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Hi @Torsten, thanks for sharing, I feel like your answer is doing double duty and would qualify pretty well for the backstory topic!

Oh, THE question.

I have been using Windows for decades, not a problem at all. On a specific project I worked full time during 8 months on an iMac 27’ late 2015 - I must add that was not my first time on macOS.

Developing FileMaker on macOS is very good. A good point also to the Magic mouse, there is noting like this on Windows. I dislike trackpads mostly because those we find on Windows portable are horrible. But there is hope: Microsoft have quite good ones on the Surface models, and other manufacturers are starting to provide good trackpads.

In short, I can work on both Windows and macOS, each one having there benefits and drawbacks.

On a Mac you may start the computer in many modes: booting normally, installing macOS, wiping the disk, etc. Very good . . . but then how can one explain that from a company, Apple, that hates so much bad user interfaces make it so hard to boot into those different modes by needing to use ALT and/or CMD and/or OPTION plus a letter ? Why not a simple interface from witch to use the keyboard to pick a choice ?

A case for Unsolved Mysteries ?

we are working on Windows, macOS, partly linux (we stopped that, I was hoping that there are better tools available ie for xml - but nope…)

Our nativ environment is macOS. It is ‘habit’ - but IMHO, text processing is much better, pdf is just there AND there is no update routine that stops my work…
The integration is better (Yes, ‘Office’ has a superbe integration), ie copy a list of files and put that list into filemaker, etc.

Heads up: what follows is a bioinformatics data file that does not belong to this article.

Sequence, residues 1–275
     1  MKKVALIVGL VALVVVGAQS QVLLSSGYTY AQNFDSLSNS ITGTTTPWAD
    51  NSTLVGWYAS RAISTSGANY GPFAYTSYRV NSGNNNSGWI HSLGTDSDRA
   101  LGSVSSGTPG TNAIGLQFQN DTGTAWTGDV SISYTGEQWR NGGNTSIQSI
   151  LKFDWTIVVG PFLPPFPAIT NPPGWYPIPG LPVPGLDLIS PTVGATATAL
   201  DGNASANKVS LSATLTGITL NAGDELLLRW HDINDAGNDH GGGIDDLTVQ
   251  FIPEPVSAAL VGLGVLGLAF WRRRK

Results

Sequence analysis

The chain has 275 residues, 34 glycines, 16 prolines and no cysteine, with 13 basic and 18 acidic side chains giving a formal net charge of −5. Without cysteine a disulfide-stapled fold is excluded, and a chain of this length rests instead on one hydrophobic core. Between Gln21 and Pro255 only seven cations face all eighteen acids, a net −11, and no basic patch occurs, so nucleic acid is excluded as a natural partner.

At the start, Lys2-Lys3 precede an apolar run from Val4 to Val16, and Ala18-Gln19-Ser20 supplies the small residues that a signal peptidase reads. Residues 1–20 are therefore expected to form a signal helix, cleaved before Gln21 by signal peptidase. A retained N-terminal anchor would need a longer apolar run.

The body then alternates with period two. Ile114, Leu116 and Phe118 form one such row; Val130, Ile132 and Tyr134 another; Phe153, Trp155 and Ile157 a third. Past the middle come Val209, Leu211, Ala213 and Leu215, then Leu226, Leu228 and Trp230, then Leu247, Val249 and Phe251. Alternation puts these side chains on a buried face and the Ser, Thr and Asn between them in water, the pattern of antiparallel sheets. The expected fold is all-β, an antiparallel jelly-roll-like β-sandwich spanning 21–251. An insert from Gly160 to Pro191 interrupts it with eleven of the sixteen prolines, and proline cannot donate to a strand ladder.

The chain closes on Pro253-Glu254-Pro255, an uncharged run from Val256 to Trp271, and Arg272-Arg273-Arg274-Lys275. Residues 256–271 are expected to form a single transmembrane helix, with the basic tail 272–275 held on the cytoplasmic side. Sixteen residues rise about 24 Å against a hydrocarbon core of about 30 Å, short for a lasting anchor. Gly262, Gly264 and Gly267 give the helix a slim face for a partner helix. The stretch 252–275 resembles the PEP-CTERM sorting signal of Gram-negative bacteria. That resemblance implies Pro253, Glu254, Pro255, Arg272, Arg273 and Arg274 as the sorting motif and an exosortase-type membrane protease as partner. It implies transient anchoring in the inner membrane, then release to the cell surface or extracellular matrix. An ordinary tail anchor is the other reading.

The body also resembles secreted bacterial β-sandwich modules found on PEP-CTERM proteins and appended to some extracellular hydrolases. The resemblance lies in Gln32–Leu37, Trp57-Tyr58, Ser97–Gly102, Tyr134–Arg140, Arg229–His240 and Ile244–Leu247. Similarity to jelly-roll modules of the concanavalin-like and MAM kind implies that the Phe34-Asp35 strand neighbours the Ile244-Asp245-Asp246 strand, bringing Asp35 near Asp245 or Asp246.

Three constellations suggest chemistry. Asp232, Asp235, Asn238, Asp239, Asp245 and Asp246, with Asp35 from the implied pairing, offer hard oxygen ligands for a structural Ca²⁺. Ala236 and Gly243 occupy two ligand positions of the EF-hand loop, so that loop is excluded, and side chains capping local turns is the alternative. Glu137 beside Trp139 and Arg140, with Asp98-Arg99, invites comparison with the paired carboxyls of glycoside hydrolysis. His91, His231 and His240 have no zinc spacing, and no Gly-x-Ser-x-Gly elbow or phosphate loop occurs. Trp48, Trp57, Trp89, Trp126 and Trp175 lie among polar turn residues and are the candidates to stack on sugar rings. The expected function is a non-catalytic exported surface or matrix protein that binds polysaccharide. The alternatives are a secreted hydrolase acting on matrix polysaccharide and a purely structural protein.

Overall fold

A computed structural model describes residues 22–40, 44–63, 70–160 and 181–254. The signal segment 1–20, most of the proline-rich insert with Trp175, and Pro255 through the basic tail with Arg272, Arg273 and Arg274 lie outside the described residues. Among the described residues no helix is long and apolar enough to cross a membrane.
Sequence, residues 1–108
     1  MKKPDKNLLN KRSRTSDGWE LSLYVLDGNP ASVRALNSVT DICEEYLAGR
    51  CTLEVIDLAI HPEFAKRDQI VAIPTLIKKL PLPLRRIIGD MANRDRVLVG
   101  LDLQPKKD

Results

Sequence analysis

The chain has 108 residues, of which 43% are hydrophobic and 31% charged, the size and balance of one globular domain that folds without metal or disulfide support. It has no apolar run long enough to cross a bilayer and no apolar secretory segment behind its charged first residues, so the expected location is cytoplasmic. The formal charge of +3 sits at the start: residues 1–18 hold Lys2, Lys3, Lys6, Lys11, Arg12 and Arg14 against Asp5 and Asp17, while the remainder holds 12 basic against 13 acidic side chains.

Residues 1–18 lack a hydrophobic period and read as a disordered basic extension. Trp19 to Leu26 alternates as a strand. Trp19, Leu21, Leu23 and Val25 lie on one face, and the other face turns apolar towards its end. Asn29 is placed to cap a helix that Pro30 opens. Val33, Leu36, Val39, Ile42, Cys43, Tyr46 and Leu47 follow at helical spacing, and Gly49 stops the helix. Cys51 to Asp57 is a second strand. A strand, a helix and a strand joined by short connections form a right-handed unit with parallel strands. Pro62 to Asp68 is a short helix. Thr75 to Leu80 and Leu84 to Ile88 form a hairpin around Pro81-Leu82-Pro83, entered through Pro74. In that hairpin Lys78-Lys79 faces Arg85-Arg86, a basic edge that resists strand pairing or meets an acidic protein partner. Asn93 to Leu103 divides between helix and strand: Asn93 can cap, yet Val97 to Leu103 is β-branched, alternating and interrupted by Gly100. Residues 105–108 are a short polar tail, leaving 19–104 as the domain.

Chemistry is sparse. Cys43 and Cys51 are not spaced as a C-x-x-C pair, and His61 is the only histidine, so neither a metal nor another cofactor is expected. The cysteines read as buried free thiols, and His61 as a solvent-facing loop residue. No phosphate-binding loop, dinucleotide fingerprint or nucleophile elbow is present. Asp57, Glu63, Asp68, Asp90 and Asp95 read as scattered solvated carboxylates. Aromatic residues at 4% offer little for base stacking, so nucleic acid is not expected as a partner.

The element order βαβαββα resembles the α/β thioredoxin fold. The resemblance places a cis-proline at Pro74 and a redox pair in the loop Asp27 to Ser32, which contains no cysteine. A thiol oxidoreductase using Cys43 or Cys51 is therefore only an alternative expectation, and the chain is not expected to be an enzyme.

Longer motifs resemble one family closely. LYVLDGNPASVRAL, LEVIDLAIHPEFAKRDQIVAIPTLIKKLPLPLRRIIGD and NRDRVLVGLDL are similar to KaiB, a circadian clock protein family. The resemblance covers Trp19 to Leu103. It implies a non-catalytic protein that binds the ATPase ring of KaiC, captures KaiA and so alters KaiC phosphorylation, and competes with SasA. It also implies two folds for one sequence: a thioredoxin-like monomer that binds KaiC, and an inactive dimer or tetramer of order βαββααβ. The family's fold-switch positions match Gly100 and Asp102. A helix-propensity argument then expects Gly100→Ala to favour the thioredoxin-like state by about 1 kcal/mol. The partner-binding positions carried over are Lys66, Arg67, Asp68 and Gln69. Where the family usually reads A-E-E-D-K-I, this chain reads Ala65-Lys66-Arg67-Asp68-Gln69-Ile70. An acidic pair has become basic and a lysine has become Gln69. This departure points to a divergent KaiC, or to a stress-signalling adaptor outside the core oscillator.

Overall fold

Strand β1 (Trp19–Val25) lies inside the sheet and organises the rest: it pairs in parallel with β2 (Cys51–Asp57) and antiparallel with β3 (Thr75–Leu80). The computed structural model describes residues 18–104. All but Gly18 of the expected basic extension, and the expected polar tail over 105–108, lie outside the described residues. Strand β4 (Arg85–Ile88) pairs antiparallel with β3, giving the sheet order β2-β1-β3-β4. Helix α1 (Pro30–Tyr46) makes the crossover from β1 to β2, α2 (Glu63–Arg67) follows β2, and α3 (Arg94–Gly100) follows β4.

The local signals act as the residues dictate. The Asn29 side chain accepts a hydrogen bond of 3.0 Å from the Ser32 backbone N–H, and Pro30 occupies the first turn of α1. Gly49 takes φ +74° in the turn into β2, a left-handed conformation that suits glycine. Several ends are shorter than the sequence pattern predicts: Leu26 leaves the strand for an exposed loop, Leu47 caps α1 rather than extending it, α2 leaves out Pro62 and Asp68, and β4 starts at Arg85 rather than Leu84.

Installing a new machine is smooth compared to Windows - I just remember the last time I had to install a POS on a Windows machine - installing the Epson POS printer driver brought an extra, malware…

Same experience. Macs are easier to set up and maintain. Win machines require a very specific set of knowledge, not always available in smaller companies.

on the other hand, under Windows there are powerful servers - but one needs specific knowledge to set up properly - and around here, it is costly to have it done by professionals

True, Win servers top out at much higher performance than Macs - at a price. MacMini is the perfect machine for small offices running FM-based solutions.

I got 6 Mini’s in my Office, 5 are running fms (different versions), one is my current workstation (the new 6 core one). Customers are running 6 core Mini’s for fms. They were running older Mac Pro’s before (not the ‘Blumenvase’) and have absolutely no performance loss

Problem with the new 6 core Mini: USB-C… it is rubbish. In principle, USB-C is better than older USB - but the adaptors…
I can not boot my Mini with mounting volumes automatically, I lost once a volume because the USB is ‘wobbly’ while working. One of my colleagues is running the same model, he never managed it to boot that beast so that it detects the 2 (Samsung) Monitors (I got 2 older Thunderbolt monitors, the Mini will detect both (mostly) when booting - it will lose one of them every now and then (the second one) while working

Did you check if this is a known problem with new MacMini or a batch of machines with faulty soldering or some other type of default?